Offer Teams Their Handcuffs

  • Many managers don't care to lock up backfields as I do, but some do. One of the things I often try to do is offer teams their handcuffs in trades. Often a team has the handcuff I want, and I have the one they want, so I will offer to trade those handcuffs. Other times I like a backup running back on another team's roster better than one I have on my roster. If my backup running back is a handcuff for one of their starters, I will offer that handcuff for the backup running back that I like better. These trades don't always work, but when I can find an owner who, like me, wants to lock up a backfield, I'll get a deal made.

Fewer Running Backs When More Flex Positions

  • Several of my leagues have many flex positions or only require managers to start one running back. I prefer wide receiver depth over running back depth in those leagues, and I start wide receivers in the flex position. In my Dynasty Diagnostic Champions League, we only have to start one running back. Christian McCaffrey will be my only weekly starter with Mike Davis mixed in when needed in that league. In my All Flex League, we do not have to start a running back at all. Alvin Kamara is my only every-week starter in that league, and I can mix in Raheem Mostert and Melvin Gordon when needed. In my Reality Sports Online league, we have to start two running backs, two receivers, and three flex positions. We usually start five receivers in that league, though now that we added Najee Harris in the rookie draft, we may play him in the flex position while Austin Ekeler and Alvin Kamara are our every-week starting running backs.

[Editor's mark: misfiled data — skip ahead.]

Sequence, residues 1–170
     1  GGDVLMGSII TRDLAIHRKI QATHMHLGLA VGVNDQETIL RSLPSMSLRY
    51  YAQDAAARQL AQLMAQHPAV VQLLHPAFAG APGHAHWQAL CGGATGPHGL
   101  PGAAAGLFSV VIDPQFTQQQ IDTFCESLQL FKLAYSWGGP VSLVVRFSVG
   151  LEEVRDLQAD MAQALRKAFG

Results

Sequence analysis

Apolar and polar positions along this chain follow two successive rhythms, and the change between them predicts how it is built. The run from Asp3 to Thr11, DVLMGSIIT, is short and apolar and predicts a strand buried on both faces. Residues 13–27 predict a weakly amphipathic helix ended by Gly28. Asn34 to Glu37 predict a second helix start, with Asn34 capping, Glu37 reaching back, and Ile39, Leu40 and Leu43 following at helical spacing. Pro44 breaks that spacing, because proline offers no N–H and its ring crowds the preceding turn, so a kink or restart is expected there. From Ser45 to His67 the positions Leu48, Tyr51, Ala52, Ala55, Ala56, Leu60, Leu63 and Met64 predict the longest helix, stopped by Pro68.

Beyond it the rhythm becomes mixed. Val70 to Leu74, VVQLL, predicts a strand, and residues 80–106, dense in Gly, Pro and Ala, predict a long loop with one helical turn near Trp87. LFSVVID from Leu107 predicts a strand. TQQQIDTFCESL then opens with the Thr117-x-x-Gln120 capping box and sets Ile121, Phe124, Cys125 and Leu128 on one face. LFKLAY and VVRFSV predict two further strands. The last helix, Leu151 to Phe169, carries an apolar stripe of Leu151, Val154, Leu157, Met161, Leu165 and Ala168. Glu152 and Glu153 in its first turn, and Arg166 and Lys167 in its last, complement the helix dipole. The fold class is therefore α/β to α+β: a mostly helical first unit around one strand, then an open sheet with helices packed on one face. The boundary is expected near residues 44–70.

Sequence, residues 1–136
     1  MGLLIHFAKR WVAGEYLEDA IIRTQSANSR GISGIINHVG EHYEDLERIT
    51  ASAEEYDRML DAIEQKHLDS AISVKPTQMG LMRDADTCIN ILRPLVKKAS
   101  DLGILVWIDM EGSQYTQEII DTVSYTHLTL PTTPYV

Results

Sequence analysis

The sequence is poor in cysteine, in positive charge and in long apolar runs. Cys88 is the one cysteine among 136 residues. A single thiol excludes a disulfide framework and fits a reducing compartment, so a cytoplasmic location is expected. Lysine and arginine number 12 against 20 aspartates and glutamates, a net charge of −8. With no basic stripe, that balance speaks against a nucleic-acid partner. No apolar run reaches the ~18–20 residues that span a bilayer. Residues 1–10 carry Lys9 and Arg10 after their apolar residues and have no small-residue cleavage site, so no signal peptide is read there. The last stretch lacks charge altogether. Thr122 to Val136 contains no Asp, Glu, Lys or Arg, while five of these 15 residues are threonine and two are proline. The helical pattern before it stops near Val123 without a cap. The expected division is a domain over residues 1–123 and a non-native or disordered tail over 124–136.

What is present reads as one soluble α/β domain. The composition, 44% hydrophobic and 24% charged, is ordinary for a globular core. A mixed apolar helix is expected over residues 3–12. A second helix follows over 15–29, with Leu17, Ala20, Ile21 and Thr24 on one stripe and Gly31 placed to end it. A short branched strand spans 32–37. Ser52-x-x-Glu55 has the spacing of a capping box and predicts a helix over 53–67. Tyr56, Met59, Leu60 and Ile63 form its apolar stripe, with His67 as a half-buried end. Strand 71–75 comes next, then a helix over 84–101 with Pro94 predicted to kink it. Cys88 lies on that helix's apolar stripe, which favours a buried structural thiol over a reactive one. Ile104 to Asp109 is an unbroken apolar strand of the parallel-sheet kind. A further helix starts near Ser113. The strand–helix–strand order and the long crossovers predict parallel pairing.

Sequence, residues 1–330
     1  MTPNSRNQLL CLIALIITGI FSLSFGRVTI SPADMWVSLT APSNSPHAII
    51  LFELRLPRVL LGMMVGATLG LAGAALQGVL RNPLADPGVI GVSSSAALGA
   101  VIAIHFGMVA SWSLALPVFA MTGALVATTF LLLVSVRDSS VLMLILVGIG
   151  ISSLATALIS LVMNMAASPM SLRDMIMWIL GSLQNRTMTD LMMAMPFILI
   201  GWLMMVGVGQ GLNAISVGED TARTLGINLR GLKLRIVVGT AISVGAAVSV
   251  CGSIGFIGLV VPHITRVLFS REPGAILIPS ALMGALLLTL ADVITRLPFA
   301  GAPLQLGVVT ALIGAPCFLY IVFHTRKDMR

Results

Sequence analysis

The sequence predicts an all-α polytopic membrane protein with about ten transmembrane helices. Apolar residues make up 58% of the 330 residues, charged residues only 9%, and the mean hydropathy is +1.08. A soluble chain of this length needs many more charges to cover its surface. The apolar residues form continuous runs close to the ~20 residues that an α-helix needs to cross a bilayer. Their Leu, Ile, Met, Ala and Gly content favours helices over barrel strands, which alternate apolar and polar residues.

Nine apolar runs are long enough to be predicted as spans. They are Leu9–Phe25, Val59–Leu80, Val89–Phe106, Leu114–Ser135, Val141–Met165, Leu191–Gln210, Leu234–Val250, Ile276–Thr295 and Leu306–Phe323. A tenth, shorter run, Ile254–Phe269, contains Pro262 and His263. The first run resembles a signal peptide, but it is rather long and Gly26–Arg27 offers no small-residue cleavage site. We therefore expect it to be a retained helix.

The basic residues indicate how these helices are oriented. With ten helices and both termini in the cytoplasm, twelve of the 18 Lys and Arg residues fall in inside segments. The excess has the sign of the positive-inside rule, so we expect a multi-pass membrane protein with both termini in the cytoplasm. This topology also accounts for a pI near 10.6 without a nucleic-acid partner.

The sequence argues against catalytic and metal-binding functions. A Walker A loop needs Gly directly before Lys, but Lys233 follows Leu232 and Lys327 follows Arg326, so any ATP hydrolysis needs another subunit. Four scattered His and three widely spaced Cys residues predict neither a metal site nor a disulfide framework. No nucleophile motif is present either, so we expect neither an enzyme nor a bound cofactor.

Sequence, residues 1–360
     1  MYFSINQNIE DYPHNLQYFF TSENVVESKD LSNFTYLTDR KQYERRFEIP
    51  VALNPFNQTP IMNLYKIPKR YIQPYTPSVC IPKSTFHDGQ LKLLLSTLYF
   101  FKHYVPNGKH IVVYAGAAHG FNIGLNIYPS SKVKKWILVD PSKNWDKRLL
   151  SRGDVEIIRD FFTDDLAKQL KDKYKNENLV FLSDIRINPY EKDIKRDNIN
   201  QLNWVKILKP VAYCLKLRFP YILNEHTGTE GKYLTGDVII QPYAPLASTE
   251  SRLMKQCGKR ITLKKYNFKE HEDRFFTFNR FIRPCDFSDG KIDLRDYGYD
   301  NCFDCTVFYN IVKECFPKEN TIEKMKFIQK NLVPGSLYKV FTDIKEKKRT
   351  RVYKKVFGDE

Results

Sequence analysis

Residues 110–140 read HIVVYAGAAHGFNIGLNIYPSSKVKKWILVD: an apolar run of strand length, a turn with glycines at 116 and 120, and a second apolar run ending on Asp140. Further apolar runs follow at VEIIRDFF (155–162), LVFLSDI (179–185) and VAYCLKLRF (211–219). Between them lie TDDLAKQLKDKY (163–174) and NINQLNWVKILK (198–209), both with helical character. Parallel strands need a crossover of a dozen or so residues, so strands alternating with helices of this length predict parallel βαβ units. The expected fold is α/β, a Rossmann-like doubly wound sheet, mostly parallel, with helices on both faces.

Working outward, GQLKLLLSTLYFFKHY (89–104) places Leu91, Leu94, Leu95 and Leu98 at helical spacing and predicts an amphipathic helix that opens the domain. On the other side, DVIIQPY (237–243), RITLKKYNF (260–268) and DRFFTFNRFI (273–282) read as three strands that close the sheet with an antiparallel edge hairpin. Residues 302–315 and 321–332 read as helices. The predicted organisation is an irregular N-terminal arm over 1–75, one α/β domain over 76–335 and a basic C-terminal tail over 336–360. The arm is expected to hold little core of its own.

Back-end Roster Churn During The Offseason